As a measure of success, EP is the new black. Not just for lawyers, but for marketers, CIOs, financial advisors, anyone working today who wants to get farther faster. It’s kind of a magic bullet.
EP stands for “Executive Presence.”
In a new Strategy + Business article by Sally Helgesen, she breathes a sigh of relief when she notes that the “executive in the hoodie fad has passed its sell-by date of coolness.” Part of the reason is the enormous diversity of companies today, which are run by equally diverse CEOs and other senior executives. As the hoodie has gone, so has the chiseled-jaw Mad Men-style leader.
According to Sylvia Van Hewlett, who has written a new book called, Executive Presence: The Missing Link Between Merit and Success, true EP is “an ineffable blend of appearance, communication skills, and gravitas” — an important word that, as Helgesen says,”definitively declares the end of the hoodie era.”
Strategy + Business author Helgesen writes, “I’d suggest that true leadership presence is rooted less in a combination of skills and characteristics than in the capacity to actually be present. That means being present for the moment, for others, for the mission, and for the task at hand. There’s a reason why the words ‘presence’ and ‘present’ have the same root.”
She paints a picture that really struck me – she said that over the years, when walking into a room of people, she could always tell the most senior person in the room. It was the person who looked the least distracted, the one most able to focus on what was going on at that moment.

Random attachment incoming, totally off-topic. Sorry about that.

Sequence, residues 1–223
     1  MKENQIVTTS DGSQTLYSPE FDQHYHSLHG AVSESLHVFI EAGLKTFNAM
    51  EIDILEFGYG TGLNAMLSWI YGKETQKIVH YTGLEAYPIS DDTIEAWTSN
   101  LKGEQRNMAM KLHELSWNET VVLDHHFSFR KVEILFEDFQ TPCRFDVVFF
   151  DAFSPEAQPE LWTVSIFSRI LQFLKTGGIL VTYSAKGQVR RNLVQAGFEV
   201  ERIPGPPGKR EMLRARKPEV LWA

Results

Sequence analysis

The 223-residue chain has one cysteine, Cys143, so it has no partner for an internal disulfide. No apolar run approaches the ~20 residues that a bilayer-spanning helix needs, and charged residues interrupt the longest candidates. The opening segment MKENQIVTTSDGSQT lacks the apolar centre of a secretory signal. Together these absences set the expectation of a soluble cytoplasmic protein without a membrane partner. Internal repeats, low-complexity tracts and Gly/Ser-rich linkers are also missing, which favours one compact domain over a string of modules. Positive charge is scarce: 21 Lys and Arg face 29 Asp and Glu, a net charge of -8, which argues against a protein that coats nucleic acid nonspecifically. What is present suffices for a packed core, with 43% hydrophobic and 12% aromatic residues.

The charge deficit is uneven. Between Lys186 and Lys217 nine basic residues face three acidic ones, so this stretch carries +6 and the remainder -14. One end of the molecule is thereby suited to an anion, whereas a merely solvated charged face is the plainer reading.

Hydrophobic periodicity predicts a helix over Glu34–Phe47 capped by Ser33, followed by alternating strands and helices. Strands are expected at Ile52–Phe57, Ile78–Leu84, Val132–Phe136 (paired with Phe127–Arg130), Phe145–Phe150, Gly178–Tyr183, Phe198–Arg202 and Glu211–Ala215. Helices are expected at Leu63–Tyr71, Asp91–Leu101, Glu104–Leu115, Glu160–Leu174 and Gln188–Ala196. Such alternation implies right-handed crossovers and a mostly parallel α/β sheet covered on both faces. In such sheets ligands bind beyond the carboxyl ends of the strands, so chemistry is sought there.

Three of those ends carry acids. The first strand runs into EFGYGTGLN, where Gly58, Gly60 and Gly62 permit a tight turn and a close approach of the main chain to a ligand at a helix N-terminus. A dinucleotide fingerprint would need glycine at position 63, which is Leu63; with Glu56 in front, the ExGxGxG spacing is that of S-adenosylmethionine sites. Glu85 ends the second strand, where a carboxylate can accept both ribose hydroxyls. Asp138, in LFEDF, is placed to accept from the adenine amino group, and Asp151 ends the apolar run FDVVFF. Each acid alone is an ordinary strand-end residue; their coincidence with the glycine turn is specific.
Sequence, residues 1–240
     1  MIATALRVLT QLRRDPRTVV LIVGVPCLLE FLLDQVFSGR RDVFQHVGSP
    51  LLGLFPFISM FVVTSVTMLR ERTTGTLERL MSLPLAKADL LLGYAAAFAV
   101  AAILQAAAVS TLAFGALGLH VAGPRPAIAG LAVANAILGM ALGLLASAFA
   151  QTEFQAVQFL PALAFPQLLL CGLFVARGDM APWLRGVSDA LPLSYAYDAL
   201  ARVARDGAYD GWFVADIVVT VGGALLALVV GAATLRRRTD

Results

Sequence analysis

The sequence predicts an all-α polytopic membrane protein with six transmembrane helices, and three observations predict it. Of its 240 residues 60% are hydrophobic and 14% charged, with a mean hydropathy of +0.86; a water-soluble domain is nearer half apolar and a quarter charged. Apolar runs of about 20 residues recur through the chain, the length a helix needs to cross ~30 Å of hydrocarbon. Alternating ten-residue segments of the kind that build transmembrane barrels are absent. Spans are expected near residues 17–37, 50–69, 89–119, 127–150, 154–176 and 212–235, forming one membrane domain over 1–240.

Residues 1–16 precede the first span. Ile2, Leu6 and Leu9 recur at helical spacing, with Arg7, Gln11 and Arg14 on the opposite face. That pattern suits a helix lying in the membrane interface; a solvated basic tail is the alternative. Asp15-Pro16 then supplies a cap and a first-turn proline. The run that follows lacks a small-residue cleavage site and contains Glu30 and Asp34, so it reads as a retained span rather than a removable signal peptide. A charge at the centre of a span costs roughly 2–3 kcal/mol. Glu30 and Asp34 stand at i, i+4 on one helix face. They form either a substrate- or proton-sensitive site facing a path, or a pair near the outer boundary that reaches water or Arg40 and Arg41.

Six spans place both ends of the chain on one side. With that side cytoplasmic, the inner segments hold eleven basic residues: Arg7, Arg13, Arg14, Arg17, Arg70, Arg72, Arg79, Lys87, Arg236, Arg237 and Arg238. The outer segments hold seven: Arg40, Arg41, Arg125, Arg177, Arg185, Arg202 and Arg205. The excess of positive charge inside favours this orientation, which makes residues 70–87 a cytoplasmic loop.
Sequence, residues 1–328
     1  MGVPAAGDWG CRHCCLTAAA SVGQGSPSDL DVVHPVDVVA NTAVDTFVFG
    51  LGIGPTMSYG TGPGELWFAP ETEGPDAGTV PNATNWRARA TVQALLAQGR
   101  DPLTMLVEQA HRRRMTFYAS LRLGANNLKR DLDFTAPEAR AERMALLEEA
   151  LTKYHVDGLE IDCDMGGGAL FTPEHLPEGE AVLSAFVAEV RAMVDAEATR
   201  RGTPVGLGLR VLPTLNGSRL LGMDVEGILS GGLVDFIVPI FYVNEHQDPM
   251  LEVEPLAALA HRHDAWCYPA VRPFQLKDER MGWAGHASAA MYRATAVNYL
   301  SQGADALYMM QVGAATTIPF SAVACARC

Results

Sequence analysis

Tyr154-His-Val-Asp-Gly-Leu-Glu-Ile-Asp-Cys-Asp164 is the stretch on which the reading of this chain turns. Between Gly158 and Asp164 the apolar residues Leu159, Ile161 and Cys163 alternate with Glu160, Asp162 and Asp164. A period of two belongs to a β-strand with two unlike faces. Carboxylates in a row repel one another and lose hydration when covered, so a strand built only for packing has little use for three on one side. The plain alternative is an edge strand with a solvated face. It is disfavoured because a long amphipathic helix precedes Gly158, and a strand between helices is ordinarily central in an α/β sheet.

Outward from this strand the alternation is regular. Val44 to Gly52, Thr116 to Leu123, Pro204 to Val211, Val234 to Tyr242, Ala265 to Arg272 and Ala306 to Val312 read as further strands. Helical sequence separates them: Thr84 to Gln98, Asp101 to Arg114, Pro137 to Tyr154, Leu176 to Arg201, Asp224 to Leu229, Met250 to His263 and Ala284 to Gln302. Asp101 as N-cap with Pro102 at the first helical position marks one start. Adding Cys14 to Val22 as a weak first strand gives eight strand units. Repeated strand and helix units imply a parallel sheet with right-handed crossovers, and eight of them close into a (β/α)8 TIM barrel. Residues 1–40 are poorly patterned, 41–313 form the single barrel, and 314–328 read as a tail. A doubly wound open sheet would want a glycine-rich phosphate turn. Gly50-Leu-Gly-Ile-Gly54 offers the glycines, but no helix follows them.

Consider today, when walking into a room full of lawyers, marketers or tech professionals, all one sees is the tops of their heads, because everyone is head-down, fingering their devices. Everyone in the room in an instant becomes remarkably unimpressive. They are all the same. There is an opportunity for a leader to emerge in that room. It could be any one of us – if we only pay attention to our EP – our executive presence.
Helgesen says, “This capacity to be present, to be unencumbered by logistical details or other distractions, gave the leaders I watched an appearance of freedom, authority, and ease. These are not qualities that can be coaxed forth by addressing the cosmetics of leadership presence: what we wear, how we walk, the relative firmness of our handshake, the timbre of our voice. All these things matter, but they alone cannot make someone who is unfocused seem like a leader. Conversely, individuals who at first glance appear unprepossessing can exude calm and authority if they are fully present.”
She continues with the most important point of her article: “The irony is that our quest for efficiency, our desire to leave no task undone, has the ultimate effect of undermining our capacity to be fully engaged by what we do. So even as we work harder and improve our performance, we are eroding our capacity to inspire the trust and confidence required for sustainable success.”
This is not new – we all know this. The answer is understanding what “executive presence” means for you and having it become a part of your daily DNA. Then, at the same time, be “present,” whether you are on a conference call where you aren’t seen (but you are heard – and we know you are multi-tasking), at a business development event or in a client meeting. Keep your eyes forward and look people in the eyes.
I wrote a blog post a few years ago called “The Secret of Becoming a Rainmaker,” where I write:
This post isn’t about telling you how to sell. It’s about me finally articulating the one attribute that stands out among all others – the one attribute that enables lawyers, regardless of practice area, industry strength, personality type, communication style, law firm or law school credentials, to consistently and effectively develop client relationships that pay off.
Here it is: Stop thinking about yourself.
If you can do this, your executive presence will take care of itself.